Who Owns Learning?: Questions of Autonomy, Choice, and Control

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Curt Dudley-Marling, Dennis Searle
Pearson Education Canada, 1995 - Education - 213 pages

The concept of student ownership has provoked considerable debate in current language arts theory and practice. Clearly ownership cannot mean that teachers withdraw their support for students, but how do teachers strike a balance without threatening students' personal investment? And how do individual and cultural differences figure into this equation?

To answer these and other questions about ownership, Curt Dudley-Marling and Dennis Searle have asked outstanding teachers and scholars to share their own thoughts and experiences. The result is a remarkable collection of essays on a range of views. Some of the contributors reflect on practice, illustrating how they support student intentions without abdicating their responsibility to "teach." Others offer a more theoretical perspective, arguing that ownership is a more subtle and complex notion than previously imagined.

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Complicating Ownership
Understanding Ownership in Classroom Interaction
Sharing Ownership and Responsibility

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About the author (1995)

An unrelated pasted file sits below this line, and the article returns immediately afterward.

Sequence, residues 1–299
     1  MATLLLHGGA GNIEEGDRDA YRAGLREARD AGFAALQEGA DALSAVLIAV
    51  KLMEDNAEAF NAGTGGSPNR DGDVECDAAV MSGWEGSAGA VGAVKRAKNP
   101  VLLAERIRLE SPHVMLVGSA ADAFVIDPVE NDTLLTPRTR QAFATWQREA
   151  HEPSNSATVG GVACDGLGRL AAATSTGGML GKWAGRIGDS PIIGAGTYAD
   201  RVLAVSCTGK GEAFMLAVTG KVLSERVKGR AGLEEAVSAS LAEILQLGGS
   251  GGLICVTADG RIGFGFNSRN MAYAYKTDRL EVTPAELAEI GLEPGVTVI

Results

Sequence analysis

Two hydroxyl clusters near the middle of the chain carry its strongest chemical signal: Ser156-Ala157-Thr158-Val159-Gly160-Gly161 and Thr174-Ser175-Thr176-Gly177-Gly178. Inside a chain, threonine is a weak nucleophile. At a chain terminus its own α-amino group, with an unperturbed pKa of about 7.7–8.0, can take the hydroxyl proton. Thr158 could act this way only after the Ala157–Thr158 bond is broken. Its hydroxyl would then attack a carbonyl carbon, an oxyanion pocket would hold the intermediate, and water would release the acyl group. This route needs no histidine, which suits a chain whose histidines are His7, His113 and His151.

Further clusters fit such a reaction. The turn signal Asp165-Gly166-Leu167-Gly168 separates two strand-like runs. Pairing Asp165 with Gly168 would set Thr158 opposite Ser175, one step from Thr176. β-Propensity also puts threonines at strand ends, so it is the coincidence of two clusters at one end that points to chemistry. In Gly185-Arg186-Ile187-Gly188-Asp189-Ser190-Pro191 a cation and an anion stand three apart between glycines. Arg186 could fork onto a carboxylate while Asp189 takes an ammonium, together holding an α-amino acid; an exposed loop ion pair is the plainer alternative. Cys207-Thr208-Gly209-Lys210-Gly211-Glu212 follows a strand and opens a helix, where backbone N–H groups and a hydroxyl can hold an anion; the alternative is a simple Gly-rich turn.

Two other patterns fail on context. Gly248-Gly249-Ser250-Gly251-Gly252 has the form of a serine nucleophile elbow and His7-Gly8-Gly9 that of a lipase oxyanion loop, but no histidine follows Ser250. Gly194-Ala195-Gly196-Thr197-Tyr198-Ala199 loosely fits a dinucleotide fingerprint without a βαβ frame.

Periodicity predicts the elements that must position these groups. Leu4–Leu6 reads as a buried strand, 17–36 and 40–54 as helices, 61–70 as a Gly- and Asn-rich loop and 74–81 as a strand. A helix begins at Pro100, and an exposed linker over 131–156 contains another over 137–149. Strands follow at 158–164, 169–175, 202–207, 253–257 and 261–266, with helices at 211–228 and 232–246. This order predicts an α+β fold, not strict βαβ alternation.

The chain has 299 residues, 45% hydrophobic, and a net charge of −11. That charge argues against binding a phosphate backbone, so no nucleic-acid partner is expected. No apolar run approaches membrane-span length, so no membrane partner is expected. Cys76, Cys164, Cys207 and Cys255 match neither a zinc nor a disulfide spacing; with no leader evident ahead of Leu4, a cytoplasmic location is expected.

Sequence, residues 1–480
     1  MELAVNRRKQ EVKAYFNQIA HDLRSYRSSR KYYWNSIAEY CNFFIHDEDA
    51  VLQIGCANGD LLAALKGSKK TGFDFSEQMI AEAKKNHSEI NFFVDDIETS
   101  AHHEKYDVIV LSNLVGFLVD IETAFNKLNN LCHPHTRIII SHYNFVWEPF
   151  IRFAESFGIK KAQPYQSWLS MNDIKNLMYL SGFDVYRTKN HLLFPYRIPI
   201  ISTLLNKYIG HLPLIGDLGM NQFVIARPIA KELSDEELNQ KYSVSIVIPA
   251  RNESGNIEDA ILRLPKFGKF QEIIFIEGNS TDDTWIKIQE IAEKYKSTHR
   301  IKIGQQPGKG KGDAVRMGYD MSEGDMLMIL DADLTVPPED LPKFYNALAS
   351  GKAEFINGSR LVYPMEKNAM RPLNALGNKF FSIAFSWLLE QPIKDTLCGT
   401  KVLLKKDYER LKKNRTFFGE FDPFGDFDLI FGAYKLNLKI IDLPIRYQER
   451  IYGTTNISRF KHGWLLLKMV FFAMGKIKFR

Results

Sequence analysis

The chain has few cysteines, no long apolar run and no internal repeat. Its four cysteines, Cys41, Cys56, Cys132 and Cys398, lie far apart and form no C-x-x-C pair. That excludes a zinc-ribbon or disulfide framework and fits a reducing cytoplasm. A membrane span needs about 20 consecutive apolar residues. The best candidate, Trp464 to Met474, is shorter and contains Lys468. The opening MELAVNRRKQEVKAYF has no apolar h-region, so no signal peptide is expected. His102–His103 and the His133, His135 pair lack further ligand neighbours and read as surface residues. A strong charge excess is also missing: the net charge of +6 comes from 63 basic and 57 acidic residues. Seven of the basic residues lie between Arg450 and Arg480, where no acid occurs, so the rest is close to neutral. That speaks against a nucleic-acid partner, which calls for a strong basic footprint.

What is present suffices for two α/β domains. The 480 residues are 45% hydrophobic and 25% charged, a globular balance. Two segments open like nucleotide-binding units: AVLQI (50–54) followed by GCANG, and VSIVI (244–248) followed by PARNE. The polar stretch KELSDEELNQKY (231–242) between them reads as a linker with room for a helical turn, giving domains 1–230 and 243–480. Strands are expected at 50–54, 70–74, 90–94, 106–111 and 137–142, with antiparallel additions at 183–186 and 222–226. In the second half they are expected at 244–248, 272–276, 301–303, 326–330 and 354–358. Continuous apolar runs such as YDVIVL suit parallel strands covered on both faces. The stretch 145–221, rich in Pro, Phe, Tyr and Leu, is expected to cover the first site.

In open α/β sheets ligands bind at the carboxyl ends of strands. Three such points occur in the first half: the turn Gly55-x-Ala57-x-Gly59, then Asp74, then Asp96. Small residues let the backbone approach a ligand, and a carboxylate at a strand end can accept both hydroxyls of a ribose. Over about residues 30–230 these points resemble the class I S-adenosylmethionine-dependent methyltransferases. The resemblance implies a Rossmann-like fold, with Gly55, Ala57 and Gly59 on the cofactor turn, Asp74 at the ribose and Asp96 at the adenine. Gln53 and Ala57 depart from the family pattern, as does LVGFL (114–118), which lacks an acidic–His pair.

Curt Dudley-Marling is a professor in the Lynch School of Education at Boston College, where he teaches courses in literacy and language arts. His research interests focus on struggling readers and writers, the social construction of learning identities, and the potential of high-expectation curricula with low-achieving students. He is the author or coauthor of a number of books with Heinemann, including A Family Affair (2000); Readers and Writers with a Difference, Second Edition (1996); Who Owns Learning? (1994); When Students Have Time to Talk (1991); and the James N. Britton Award-winning Living with Uncertainty (1997). Most recently, Curt has coauthored with Patricia Paugh A Classroom Teacher's Guide to Struggling Readers (2004) and A Classroom Teacher's Guide to Struggling Writers (2009).

Dennis Searle is a former high school English teacher. He has taught at the University of Alberta and is currently associate dean in the Faculty of Education at York University in Toronto. Recognized for his work on the role of talk in learning, he is currently focusing on spelling development, based on his interest in writing and in language and literacy development.

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